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Stratton v. State

Court of Criminal Appeals of Texas
Jun 23, 1928
8 S.W.2d 171 (Tex. Crim. App. 1928)


No. 11345.

Delivered March 23, 1928. Rehearing granted June 23, 1928.

1. — Murder — Evidence — Reputation of Appellant's Wife — Properly Admitted.

Where on a trial for murder, one of the defensive issues presented was insulting words and conduct of deceased toward appellant's wife, there was no error in permitting the state to prove the general reputation of his wife and specific occasions of misconduct on her part, of which appellant had knowledge. See Art. 1250 C. C. P. sentence Stovall v. State, 265 S.W. 526 and other cases cited.

2. — Same — Impeaching Defendant — Proof of Other Offenses — Not Controlled by Remoteness.

Where the state was permitted to impeach appellant by proof of conviction for felonies at very remote dates, such testimony was admissible by reason of the fact that appellant was shown to have led a life of crime from the remote dates of his former convictions to the time of his present trial. See Oates v. State, 149 S.W. 1194.


3. — Same — Impeaching Defendant — Details of Former Convictions — Improperly Admitted.

While is was proper as impeaching evidence to prove that at the time of his trial appellant was under indictment in Roberts County for manufacturing whisky, but not to go into the details of such charge, nor prove how long after his arrest it was before appellant could make bond under such charge.

4. — Same — Evidence — Hearsay and Opinion — Improperly Admitted.

It was error to permit the state to prove by a witness that appellant's wife was jealous of deceased. Such testimony being necessarily an opinion of the witness based upon hearsay.

Appeal from the District Court of Potter County. Tried below before the Hon. Henry S. Bishop, Judge.

Appeal from a conviction of murder, penalty twenty-five years in the penitentiary:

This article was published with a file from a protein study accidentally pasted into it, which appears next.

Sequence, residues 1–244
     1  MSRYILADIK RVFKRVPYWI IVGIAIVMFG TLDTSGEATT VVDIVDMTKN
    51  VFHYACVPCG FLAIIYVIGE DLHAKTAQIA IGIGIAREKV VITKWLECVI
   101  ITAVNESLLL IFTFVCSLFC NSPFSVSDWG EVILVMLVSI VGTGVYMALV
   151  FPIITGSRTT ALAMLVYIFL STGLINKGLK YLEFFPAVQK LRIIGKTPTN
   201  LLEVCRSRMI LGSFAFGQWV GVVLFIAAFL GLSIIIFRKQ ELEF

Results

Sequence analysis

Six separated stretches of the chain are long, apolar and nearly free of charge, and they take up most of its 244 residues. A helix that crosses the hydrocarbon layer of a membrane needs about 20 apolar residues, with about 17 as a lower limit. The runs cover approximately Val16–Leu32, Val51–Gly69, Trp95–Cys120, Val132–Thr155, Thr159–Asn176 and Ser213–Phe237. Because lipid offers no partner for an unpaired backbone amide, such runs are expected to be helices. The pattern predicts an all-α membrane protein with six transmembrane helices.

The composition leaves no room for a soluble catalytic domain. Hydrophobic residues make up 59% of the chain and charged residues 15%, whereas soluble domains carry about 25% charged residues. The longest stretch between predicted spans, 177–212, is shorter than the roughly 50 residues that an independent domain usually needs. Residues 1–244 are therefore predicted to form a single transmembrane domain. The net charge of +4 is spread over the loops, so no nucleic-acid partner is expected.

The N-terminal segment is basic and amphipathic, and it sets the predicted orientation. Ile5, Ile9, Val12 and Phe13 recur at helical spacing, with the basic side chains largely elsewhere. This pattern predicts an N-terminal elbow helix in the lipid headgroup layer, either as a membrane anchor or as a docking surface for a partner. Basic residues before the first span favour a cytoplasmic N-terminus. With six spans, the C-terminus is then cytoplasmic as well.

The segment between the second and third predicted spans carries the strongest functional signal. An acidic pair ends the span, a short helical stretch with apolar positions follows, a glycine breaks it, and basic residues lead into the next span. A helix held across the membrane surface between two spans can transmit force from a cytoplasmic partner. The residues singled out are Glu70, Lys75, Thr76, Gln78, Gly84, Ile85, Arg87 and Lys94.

The opinion states the case.

E. T. Miller and Edward W. Thompson of Amarillo, for appellant.

A. A. Dawson of Canton, State's Attorney, for the State.

The offense is murder; the punishment, confinement in the penitentiary for twenty-five years.

The facts relied upon by the state were as follows: Appellant's wife had received some bruises in a difficulty with English, the deceased. She and her companion, Jean Prince, who also participated in the difficulty, had at the time lost some jewelry. Appellant, the wife of appellant, Jean Prince and one Ritchie drove in Ritchie's car to the scene of the difficulty for the purpose of looking for the lost jewelry. After finding the jewelry, the parties began the return trip to town. On the way to town, the unoccupied car of deceased was seen on the road. Appellant's wife took possession of the car with the statement, in effect, that she would take it back to town and hold it for the purpose of making deceased pay her damages for the injuries she had received at his hands. She started the car. Ritchie, appellant and Jean Prince followed her in Ritchie's car. Deceased appeared in another car with a companion, passed Ritchie's car and followed appellant's wife to town. Upon reaching town the wife of appellant stopped deceased's car. As she stopped, the car in which deceased was riding passed her, and deceased stepped out and started toward her. As deceased was approaching his car, appellant stepped out of Ritchie's car with a pistol and fired two shots at deceased. One shot took effect. The bullet entered from the side and caused the death of deceased.